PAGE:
Help with 2 Physics questions

  • Thread starter vee123
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  • #1
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My physics teacher gave me the following two problems as homework and I am completely lost on them.

1) If you cut a spring in half, the k value doubles. An object is attached to the lower end of a 100-coil spring hanging from a ceiling. The spring stretches by 0.16 m. The spring is then cut in half. By how much does each spring stretch?

I don't think he gave me enough information, so I don't know what to do. Any suggestions?

2) A small ball is attached to one end of a spring that has an unstrained length of 0.0200 m. The spring is held at one end and whirled in a horizontal circle at 3m/s. The spring stretches by 0.10m. How much would the spring stretch if the ball was attached to a vertical spring on the ceiling?

I know the spring on the ceiling will stretch less than the spring that is swung in the circle. And the two springs have the same unstrained length. Since I am given velocity, do I use this formula to find the k value?:

1/2kx^2 + mgh(initial height) + 1/2mv^2(initial veloicty) + Work increase = mgh(final height) + 1/2mv^2(final velocity) + Work decrease + 1/2kx^2

Any help will be greatly appreciated!
 

Answers and Replies

  • #2
quasar987
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vee123 said:
My physics teacher gave me the following two problems as homework and I am completely lost on them.

1) If you cut a spring in half, the k value doubles. An object is attached to the lower end of a 100-coil spring hanging from a ceiling. The spring stretches by 0.16 m. The spring is then cut in half. By how much does each spring stretch?

I don't think he gave me enough information, so I don't know what to do. Any suggestions?

There is enough info. The strategy will be to first find the k constant of the unstretched spring using all you know about spring force and forces in general (i.e. the 2nd law).

vee123 said:
2) A small ball is attached to one end of a spring that has an unstrained length of 0.0200 m. The spring is held at one end and whirled in a horizontal circle at 3m/s. The spring stretches by 0.10m. How much would the spring stretch if the ball was attached to a vertical spring on the ceiling?

I know the spring on the ceiling will stretch less than the spring that is swung in the circle. And the two springs have the same unstrained length. Since I am given velocity, do I use this formula to find the k value?:

1/2kx^2 + mgh(initial height) + 1/2mv^2(initial veloicty) + Work increase = mgh(final height) + 1/2mv^2(final velocity) + Work decrease + 1/2kx^2

Any help will be greatly appreciated!

I can't see what you did there with that big equation but it's probably wrong and if somebody here doesn't tell you why, you should ask your teacher why it's wrong.

IMO, the main startegy line here is exactly the same as in problem 1: the ball going around in circle is undergoing an acceleration, right? The centripetal acceleration. What is the cause of that force? The spring of course. Use the second law to find what that force is and find the srping constant from it.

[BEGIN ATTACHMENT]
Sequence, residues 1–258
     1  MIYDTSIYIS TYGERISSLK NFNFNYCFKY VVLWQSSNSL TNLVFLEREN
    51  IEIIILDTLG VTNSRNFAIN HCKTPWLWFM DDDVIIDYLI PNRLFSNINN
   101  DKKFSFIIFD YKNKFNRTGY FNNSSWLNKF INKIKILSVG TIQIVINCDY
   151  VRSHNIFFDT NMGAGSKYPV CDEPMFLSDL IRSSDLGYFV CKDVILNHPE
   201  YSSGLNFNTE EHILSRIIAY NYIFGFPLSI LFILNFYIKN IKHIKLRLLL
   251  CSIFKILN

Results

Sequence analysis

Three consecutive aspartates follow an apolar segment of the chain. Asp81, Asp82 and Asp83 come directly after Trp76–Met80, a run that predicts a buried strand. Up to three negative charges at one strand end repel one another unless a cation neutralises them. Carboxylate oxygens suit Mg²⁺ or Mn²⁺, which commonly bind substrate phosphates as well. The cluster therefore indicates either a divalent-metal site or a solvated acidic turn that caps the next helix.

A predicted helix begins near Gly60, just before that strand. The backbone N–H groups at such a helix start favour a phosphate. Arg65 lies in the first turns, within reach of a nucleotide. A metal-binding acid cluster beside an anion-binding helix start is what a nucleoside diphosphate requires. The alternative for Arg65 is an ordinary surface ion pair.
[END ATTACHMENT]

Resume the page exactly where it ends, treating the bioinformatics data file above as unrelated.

• #3
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The spring is whirled in a horizontal circle. It is in uniform circular motion. Use that to compare the forces acting on the two springs in either situation.
 
  • #4
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For the first problem do I do something like this(?):

Force normal=ma-Force weight
Force normal=ma-umg
 
  • #5
quasar987
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Draw the free body diagram. Draw all the vector forces. Since all vectors are in one dimension, we may, if we chose, drop the vector notation and work only with scalar, at the condition that we set a + direction and a - direction.

I can't really make sense of your use of the normal force, but here are some infos that you may or may not be be aware of...

1) The term "normal" means "perpendicular" and is not a synonim of the "reaction force" Newton's third law talks about.

2) If you meant "normal force" to designate the force of the spring being the reaction force to that of gravity on the block, that is incorect. Because the "reaction force" to the force of gravity from the earth to the block (mg) is a force of gravity from the block to the earth, and therefor it does not act on the block itself and therefor has nothing to do in the equation of motion of motion (F = ma) of the block.

Try again :smile:

(And what is "u" in umg ?!?)
 
  • #6
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Hm.. I'm still don't know what to do. My physics teacher told us that when an object is hanging vertically force normal and force weight are the forces we use in the free body diagram. We haven't done any problems like these in class. We've only used Hooke's law and Work=1/2kx^2.
Thanks for your help, I really do appreciate it, I think I might talk to my physics teacher tomorrow.

(The "u" in umg is the coefficent of friction. I didn't know what I was doing, so just ignore it.. Sorry about that!)
 
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